The Puerto Rico Treasury Department collected some $9.1 billion in revenue for the General Fund during Fiscal 2016, exceeding Fiscal 2015 numbers by $214.4 million or 2.4 percent, agency Secretary Juan Zaragoza-Gómez said.
The increase was much greater considering that last year, there were revenues from legislative measures of nearly $468 million that were not recurrent for FY 2015-16, he said. When comparing the revenue registered for the year to the revised total estimate of $9.2 billion, the government achieved a 98.7 percent collections rate. The 1.3 percent difference represented a shortfall of some $117 million, the agency noted.
Tax legislation was a determining factor in the level of revenues collected during Fiscal 2016, he said, naming amendments by Act 72 of May 29, 2015 to the Puerto Rico Internal Revenue Code of 2011 as an example.
The primary change was the increase in the Sales and Use Tax (SUT) rate from 6 percent to 10.5 percent, effective July 1, 2015. Another change was the elimination of SUT exemptions for business-to-business services (B2B) and designated professional services, for which a 4 percent tax rate was established, to enter in effect on Oct. 1, 2015.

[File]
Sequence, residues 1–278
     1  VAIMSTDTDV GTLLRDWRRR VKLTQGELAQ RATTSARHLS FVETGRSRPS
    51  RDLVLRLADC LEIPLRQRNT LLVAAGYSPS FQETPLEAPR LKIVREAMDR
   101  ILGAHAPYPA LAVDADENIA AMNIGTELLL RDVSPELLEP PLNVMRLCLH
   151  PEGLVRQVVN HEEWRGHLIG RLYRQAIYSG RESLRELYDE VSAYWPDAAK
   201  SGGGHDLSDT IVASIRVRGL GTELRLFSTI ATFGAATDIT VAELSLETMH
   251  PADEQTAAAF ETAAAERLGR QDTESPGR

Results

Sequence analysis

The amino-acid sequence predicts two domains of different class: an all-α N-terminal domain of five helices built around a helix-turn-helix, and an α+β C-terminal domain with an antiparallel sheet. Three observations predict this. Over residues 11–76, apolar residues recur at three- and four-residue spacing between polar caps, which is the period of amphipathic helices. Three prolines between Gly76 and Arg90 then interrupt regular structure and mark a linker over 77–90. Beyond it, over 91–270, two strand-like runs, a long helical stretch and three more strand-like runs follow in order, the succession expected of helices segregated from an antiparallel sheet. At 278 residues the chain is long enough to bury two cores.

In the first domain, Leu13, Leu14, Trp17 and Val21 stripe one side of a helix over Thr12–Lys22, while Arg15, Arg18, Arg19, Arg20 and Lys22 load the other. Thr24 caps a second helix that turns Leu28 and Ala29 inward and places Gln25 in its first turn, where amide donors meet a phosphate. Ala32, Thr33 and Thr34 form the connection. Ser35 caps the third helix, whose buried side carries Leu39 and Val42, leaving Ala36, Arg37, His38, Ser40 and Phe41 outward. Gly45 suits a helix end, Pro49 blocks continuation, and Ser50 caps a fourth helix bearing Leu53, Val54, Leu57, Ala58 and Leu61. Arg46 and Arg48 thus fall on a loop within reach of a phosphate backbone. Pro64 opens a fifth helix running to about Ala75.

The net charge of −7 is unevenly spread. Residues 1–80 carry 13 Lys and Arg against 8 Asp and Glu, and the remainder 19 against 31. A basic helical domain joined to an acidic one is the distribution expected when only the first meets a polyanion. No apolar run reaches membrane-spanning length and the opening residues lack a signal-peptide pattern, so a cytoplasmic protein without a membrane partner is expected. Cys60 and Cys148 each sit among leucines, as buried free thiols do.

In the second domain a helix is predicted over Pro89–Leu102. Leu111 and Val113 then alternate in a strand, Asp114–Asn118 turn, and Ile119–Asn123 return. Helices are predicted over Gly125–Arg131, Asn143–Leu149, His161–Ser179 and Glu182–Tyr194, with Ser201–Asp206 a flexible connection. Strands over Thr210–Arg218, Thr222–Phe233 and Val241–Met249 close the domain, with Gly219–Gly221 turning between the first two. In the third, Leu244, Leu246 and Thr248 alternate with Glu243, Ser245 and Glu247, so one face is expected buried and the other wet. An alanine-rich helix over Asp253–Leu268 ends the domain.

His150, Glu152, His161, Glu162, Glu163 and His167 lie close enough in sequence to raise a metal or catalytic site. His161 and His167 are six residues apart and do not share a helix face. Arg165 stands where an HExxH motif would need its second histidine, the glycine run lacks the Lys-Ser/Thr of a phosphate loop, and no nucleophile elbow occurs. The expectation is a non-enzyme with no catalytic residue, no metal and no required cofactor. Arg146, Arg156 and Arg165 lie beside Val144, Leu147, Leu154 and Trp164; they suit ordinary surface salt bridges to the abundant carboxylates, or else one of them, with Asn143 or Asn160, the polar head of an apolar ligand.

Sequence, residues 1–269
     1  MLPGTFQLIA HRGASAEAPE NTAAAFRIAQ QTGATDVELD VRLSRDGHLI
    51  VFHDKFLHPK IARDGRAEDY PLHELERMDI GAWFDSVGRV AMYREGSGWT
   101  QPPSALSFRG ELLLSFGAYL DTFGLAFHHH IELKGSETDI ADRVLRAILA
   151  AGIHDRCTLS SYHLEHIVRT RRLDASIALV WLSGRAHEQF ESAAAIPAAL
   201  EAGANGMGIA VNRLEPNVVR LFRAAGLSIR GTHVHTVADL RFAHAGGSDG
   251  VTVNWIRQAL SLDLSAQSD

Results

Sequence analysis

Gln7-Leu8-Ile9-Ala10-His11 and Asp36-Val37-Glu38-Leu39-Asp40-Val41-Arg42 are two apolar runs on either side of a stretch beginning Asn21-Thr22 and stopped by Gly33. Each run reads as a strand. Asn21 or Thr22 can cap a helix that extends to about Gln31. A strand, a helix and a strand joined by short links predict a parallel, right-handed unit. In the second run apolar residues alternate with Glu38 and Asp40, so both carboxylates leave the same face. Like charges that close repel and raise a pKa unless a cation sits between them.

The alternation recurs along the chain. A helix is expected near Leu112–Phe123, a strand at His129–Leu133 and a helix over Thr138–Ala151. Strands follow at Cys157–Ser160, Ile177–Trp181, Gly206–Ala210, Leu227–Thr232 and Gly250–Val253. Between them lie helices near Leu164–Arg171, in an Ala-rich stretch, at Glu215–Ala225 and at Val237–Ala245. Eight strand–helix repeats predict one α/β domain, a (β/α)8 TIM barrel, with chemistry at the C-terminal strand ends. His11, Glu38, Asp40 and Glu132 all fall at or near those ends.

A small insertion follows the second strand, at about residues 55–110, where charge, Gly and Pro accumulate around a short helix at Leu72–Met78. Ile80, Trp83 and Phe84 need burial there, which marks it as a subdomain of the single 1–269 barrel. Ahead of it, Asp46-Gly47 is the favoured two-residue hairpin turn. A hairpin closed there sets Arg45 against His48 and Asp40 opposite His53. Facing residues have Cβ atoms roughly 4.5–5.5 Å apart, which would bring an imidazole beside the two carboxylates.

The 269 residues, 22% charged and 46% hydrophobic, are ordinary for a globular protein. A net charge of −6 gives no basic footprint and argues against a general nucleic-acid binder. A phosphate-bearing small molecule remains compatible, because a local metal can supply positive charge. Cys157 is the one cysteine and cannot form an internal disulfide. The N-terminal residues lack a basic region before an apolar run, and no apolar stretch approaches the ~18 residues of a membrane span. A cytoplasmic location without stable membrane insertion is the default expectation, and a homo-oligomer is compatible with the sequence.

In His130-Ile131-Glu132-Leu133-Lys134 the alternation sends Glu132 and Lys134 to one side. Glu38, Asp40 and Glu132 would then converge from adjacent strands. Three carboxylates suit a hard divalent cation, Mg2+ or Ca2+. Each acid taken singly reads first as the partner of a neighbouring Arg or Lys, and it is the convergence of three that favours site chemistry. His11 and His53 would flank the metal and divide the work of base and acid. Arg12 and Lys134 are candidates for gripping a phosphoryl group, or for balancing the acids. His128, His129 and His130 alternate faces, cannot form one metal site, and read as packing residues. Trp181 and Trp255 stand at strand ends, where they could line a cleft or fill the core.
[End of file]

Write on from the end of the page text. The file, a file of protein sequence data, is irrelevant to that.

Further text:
SUT total revenues collected in Fiscal 2016 were $2.3 billion, which represented a year-to-year increase of $959.8 million. Of this total, revenues from the collection of the 4 percent tax over business-to-business (B2B) services and designated professional services were $89.4 million.
From the SUT total revenues, $1.5 billion went to the General Fund, or $933.4 million more than last year. Furthermore, SUT revenues represented 17 percent of total General Fund revenues. The rest of the SUT collected were distributed as follows: $696.3 million to the Sales Tax Financing Corp. known as COFINA; $117.7 million, or 0.5 percent, to the Municipal Administration Fund; and $3.2 million to the Film Industry Fund.
Another law that affected collections is Act 159 of Sept. 30, 2015, which amended the provisions of the Revenue Code to limit the powers of the Treasury Secretary to formalize final agreements.
This law put an end to the practice that was used for decades in the Treasury Department, especially during the month of June of each year, of conducting transactions and setting up preferential tax agreements with companies and individuals to collect revenues and balance the budget in lieu of compromising future income.
“For the first time, in June of the fiscal year that just ended, these kinds of agreements were not done,” Zaragoza-Gómez said.
As for revenue distribution for Fiscal 2016, the principal item was individual and corporate income taxes, which totaled $4.5 billion, or 49.2 percent of total revenues. Foreign corporation excise tax revenues were $1.8 billion, for 20.3 percent, and excise taxes associated to consumption expenses amounted $742 million or 8.1 percent.